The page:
Cricket fans voting with their feet as record low Test crowd beckons
Even in the aftermath of the ball-tampering fiasco in South Africa, even amid the turmoil of World Series Cricket, even with world wars and depressions and financial crises ripping apart the fabric of society, the Australian cricket team has rarely been on the nose like it is today.
And that is likely to be underlined at Optus Stadium next week when Australia start the Test summer in front of what is almost certain to be a record low crowd.
The MCG has just experienced its lowest ODI crowd – a fair feat for a ground that has hosted matches for more than half a century – to sound a clear warning of what cricket fans think of the schedule, performance, behaviour and make-up of the national teams.
After playing with questionable focus, discipline and selection integrity in the T20 World Cup – as reigning champions on home turf for heaven’s sake – Australia changed gears to demolish England in a one-day series that had almost as little relevance as any unwanted and unnecessary tournament in the format’s history.
Talk about getting your white ball priorities wrong.
Red ball is a different matter. Australia, powered by a vibrant bowling attack, armed with high-class top-order batsmen in improving form, at home against brittle opponents, should slice and dice West Indies and South Africa teams that are mere shadows of the great combinations of the past.
But who cares?
A week before the first Test, ticket sales have been almost motionless – insiders suggest they can be measured in the hundreds rather than the thousands – with a crowd below 4000 possible next Wednesday.
Perth’s previous lowest day one crowd was provided by 3911 scattered fans who watched Australia host Sri Lanka for the first time in 1987-88.
And a decade earlier, only 3963 people were present at the WACA Ground when the home team, even with five West Australians on board, played India in a direct clash with a WSC SuperTest against the fearsome and exhilarating West Indies.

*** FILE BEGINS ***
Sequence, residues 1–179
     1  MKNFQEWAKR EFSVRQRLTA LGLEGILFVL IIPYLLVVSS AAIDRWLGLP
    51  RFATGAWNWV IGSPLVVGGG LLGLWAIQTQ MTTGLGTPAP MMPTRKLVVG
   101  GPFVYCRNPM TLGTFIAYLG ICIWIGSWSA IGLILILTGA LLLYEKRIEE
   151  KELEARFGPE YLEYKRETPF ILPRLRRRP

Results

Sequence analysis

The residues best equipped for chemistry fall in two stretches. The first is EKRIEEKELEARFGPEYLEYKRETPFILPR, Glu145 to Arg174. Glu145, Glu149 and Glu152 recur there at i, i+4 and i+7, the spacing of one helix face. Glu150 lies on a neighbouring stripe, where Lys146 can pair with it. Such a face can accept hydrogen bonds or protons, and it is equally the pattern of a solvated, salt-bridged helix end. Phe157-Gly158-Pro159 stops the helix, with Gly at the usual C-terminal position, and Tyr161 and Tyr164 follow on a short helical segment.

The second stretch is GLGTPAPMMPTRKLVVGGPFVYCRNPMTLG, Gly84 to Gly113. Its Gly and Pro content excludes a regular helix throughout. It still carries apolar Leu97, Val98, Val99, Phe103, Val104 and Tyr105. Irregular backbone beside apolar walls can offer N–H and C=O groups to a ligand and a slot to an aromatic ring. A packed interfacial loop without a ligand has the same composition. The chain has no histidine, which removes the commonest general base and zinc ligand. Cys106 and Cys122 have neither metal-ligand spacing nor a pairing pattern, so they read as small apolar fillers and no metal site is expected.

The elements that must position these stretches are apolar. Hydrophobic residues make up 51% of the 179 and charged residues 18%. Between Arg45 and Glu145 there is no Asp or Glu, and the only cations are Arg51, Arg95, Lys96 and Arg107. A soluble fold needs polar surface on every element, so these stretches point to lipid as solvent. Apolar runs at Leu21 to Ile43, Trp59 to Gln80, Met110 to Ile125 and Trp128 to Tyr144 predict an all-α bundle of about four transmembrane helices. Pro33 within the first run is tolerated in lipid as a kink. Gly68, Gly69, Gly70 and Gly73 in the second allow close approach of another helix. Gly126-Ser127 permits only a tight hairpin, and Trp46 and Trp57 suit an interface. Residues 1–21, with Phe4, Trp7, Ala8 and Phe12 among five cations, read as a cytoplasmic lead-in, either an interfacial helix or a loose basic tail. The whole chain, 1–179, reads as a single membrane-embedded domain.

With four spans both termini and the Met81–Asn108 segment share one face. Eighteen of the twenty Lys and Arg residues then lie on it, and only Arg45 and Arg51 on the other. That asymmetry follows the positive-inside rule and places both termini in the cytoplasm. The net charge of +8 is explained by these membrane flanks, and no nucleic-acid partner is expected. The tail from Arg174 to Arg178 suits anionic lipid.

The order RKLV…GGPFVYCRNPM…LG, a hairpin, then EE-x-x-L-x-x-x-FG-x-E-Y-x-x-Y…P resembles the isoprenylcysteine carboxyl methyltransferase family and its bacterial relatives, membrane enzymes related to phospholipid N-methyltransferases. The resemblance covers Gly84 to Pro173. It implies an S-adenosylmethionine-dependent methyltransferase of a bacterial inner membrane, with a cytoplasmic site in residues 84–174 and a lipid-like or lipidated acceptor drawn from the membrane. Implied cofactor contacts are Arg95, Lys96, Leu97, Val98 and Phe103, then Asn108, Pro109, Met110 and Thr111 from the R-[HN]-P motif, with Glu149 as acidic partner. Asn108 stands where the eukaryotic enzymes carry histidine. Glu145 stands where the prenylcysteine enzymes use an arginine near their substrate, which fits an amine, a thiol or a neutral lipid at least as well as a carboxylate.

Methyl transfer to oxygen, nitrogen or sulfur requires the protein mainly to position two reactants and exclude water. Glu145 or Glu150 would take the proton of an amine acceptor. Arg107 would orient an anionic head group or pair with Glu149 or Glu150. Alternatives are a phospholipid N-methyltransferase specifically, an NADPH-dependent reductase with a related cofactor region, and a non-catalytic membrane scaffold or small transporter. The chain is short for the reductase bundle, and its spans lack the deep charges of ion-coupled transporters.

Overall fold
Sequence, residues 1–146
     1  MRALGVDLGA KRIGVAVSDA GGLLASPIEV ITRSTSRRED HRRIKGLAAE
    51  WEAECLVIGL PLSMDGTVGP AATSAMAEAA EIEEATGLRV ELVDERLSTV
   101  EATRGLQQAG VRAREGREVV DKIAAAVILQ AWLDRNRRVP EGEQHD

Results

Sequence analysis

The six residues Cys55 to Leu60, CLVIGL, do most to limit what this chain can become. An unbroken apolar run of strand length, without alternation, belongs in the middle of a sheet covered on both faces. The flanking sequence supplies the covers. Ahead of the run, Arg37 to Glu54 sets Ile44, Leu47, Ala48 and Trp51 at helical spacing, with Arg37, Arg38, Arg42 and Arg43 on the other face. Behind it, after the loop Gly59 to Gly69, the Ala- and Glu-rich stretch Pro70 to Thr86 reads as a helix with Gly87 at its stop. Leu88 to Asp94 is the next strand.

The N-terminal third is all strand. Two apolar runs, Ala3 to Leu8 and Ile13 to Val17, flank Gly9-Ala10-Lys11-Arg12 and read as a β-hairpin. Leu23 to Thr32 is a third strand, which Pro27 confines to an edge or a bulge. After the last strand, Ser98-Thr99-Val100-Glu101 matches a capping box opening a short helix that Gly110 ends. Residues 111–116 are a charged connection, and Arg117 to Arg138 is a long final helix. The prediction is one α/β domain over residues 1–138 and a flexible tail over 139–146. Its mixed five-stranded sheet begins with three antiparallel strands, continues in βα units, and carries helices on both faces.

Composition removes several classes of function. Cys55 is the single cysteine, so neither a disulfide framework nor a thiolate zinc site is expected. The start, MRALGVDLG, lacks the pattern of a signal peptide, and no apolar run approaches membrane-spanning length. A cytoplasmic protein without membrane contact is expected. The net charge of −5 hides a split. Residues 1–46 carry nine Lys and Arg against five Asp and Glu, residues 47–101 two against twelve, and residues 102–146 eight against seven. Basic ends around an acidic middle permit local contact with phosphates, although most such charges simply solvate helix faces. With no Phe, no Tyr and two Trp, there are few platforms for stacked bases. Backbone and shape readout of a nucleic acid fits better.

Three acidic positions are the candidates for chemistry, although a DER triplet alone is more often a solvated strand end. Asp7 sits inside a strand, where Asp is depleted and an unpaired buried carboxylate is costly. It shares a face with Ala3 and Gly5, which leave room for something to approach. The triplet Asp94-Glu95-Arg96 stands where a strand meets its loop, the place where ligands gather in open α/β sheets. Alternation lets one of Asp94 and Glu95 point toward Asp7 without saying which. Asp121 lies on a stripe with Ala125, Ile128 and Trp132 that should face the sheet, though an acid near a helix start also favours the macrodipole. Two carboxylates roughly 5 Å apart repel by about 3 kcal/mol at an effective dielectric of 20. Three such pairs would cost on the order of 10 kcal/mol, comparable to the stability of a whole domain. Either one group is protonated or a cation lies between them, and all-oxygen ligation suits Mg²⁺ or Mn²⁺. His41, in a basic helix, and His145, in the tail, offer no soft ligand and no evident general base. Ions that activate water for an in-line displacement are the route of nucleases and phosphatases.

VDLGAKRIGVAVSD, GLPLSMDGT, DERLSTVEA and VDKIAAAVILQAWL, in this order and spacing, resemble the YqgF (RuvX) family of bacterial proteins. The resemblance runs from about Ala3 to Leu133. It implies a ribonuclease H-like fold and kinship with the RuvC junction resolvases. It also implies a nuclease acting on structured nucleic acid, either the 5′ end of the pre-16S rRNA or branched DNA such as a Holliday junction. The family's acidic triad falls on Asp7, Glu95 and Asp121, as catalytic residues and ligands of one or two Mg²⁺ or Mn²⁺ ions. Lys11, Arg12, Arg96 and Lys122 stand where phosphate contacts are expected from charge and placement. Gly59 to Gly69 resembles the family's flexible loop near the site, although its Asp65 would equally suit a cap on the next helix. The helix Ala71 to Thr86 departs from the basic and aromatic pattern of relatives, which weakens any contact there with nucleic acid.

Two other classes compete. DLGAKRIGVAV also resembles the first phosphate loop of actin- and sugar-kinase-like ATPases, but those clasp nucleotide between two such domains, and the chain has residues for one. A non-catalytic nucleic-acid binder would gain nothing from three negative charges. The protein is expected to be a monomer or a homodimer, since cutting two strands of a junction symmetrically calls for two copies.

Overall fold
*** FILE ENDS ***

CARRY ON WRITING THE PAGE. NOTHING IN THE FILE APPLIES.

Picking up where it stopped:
There were compelling reasons for such low crowds – the Sri Lanka match was a one-off Test against an unknown and unheralded opponent, and came after 15 ODIs and another one-off Test against England in the previous 34 days.
Cricket fatigue had well and truly set in by the time the caravan dragged itself to the WACA Ground at the end of that non-stop summer.
And the World Series schism hit the traditionalists hard in the first summer in 1977-78 with the best players in the country off with the rebels and Australia being represented by what was considered a second XI in those early days until it was recognised that they were no less players than the household names they had replaced.
Cricket fans are voting with their feet and the message they are leaving as they trudge away from the game is that things are going badly wrong.
Lose them and they might not return.
Whether it is the polarising David Warner’s attempt to regain his eligibility to captain, and Cricket Australia’s ham-fisted handling of that drawn-out and hypocritical affair, the exceptionally privileged Pat Cummins kicking a gift horse in the teeth with his indulgent view on CA’s sponsors, the ill-feeling generated by Justin Langer’s messy exit from the national coaching position or the apparent indifference of many of the nation’s most highly-paid players to how their team performs or is perceived, there is a smell surrounding the summer sport.
It extends to State level where WA Cricket is, sort of, about to investigate why half its board couldn’t hack staying around and where disillusionment amongst members is so widespread that candidates for the recent by-election had to shop around to find eligible movers and seconders.
The absence of Test cricket for three years has also scarred plenty of fans who have abandoned their memberships and, sadly in some cases, their interest.
Come next week, there might be a few more who think that plenty of other places would be preferable to Optus Stadium.
Cricket has lots of work to do.